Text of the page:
Environment, Climate, and Sustainability
A technology born from University of Louisville research uses spent distillers’ grains, corn and waste wood to create a low-calorie sugar substitute.
UofL researchers are venturing out to find stiltgrass samples and study its potential relationship to a certain soil-based fungi. Their end goal, however, is discovering a way to get rid of stiltgrass.
Sanders graduated from UofL in May of 2019 as a double major in Anthropology and Environmental Studies with a minor in Russian Studies. Prior to receiving the Fulbright award, she was named a Vogt and honors scholar and received both the Anthropology and Liberal Arts departments’ Awards of Merit.
What used to be a rare occurrence now seems commonplace. Both anecdotal and scientific evidence indicate there are significant changes to weather patterns as a result of climate change. But can where you live relative to an urban core impact the severity of weather? Professors Dave Howarth and Jason Naylor (Geography & Geosciences) think so.
University of Louisville Biology Professor Paul Himes and some of his students are looking for bacteria that might be used to help grow plants on brownfield (polluted) sites.
Charlie Zhang is a UofL geographer who has found a link between paper mill pollution and ovarian cancer.
Scientists at the University of Louisville in Louisville, Ky., are working on a method to generate hydrogen fuels that significantly lowers energy use. This research on catalysts for hydrogen attracted combined funding of more than $1 million from the National Science Foundation (NSF) and Department of Energy (DOE).
In summer 2018, Dr. Jason Naylor (Geography and Geosciences/Physics and Astronomy) led UofL students on an eight-day storm observation course.
Dr. Jafar Hadizadeh, Professor of geography and geosciences, gave his insight to Louisville Magazine about the very fossils under our feet that could tell a story from as far back as 400 million years, or more.
Students from Marian Moore Middle School spent a day on UofL’s campus learning about climate change and other environmental science as part of a worldwide collaboration with UofL and students in other countries.
Ariel Weaver has earned a Fulbright Study/Research Award to Namibia. Her work focused on using remote sensing and geographic technology to look at patterns on the landscape and use that information to inform policymakers and stakeholders in the community to manage land more effectively.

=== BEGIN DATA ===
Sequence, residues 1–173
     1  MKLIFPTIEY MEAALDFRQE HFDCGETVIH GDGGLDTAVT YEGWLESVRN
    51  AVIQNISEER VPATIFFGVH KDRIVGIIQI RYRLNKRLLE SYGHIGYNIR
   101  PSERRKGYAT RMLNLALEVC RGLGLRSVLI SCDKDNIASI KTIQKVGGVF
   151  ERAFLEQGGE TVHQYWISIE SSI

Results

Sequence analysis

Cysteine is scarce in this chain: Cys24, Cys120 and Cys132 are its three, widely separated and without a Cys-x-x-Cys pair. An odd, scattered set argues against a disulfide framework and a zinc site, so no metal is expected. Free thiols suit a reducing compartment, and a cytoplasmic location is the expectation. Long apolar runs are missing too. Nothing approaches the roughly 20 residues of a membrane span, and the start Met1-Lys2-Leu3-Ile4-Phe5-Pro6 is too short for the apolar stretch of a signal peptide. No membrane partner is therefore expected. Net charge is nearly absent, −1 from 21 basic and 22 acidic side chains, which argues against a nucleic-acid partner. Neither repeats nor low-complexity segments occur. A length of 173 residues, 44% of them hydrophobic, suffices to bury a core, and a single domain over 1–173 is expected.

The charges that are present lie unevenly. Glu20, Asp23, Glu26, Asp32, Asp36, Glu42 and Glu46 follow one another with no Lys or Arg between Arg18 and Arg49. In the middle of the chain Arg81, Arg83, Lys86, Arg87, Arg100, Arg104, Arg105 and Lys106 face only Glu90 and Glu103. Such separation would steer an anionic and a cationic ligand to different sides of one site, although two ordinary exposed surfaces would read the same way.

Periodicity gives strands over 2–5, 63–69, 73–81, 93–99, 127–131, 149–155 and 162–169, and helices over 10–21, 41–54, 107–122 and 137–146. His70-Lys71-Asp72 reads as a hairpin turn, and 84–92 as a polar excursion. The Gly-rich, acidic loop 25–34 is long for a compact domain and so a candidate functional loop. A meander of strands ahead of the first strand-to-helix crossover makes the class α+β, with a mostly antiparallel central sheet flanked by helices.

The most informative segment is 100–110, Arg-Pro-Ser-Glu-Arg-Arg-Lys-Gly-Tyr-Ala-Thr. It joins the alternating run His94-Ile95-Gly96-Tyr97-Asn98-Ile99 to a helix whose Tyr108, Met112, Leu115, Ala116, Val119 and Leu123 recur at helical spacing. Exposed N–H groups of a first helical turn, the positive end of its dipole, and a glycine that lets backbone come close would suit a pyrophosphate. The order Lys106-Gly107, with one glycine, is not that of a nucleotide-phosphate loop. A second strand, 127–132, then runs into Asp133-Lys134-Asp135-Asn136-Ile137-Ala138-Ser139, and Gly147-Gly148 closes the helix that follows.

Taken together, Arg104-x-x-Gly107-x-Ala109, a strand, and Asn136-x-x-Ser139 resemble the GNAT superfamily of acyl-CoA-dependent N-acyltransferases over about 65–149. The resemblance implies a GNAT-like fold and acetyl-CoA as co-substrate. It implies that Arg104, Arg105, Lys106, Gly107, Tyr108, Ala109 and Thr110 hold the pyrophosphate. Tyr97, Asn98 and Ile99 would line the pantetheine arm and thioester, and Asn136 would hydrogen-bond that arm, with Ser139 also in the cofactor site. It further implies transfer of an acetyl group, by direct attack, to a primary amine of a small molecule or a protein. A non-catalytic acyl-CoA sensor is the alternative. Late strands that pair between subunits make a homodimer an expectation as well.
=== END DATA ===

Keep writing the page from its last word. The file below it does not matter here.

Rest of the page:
UofL is ranked the top school in Kentucky when it comes to sustainability initiatives.
Profs. Paul Himes and Deborah Yoder-Himes (Department of Biology) discuss their research into antibiotic resistant bacteria in local water sources on UofL Today with Mark Hebert.
The new Korfhage Native Plant Garden on UofL’s Belknap Campus serves a multitude of purposes – and species. The project, began by Prof. Margaret Carreiro and Department Chair Ron Fell in 2015 and honoring biology alumna Harriet A. Korfhage, serves as a living lab for students and provides an experience of the natural world not often on display in our urban environment.
In this Q&A, we discover what Gora does up in the trees, and who he'd invite to dinner when he gets back on the ground.
Prof. Daniel Krebs (History) tells the story of the 1862 Battle of Perryville – but outdoors, and outside the confines of the archives. Partnering with DJ Biddle (Geography & Geosciences) to map the battlefield using drones with cameras.
Prof. Carreiro, department of Biology, talks about local conservation efforts in Jefferson county. She will be talking at the next 'Beer with a Scientist' on Wednesday, Nov. 16 about how residents of the city can protect native species.
Geographers use population mapping to support relief efforts. The WorldPop project generates open source human population maps with a focus on developing countries. Professors Andrea Gaughan and Forrest Stevens (Geography & Geosciences) will receive a $440,000 grant from the Bill & Melinda Gates Foundation.
Biology senior, Katie Arstingstall, studies tropical ecology in Panama. She spent the summer researching thermal adhesion of canopy ants, or how well different species of canopy ants can stick to a vertical surface at a range of temperatures, on Barro Colorado Island.
Meet Geography & Geosciences Department Chair Keith Mountain. It’s not every day you get to meet an adventurer from Australian sheep country who spends half his year living on glaciers. Prof. Mountain is that person – a throwback to the explorers of the past combined with an acute scientific mind attuned to the environmental problems of the present. In this Q&A, we learn that a background in fine arts can be useful even when you’re knee-deep in snow studying climate change, and that no man is an island.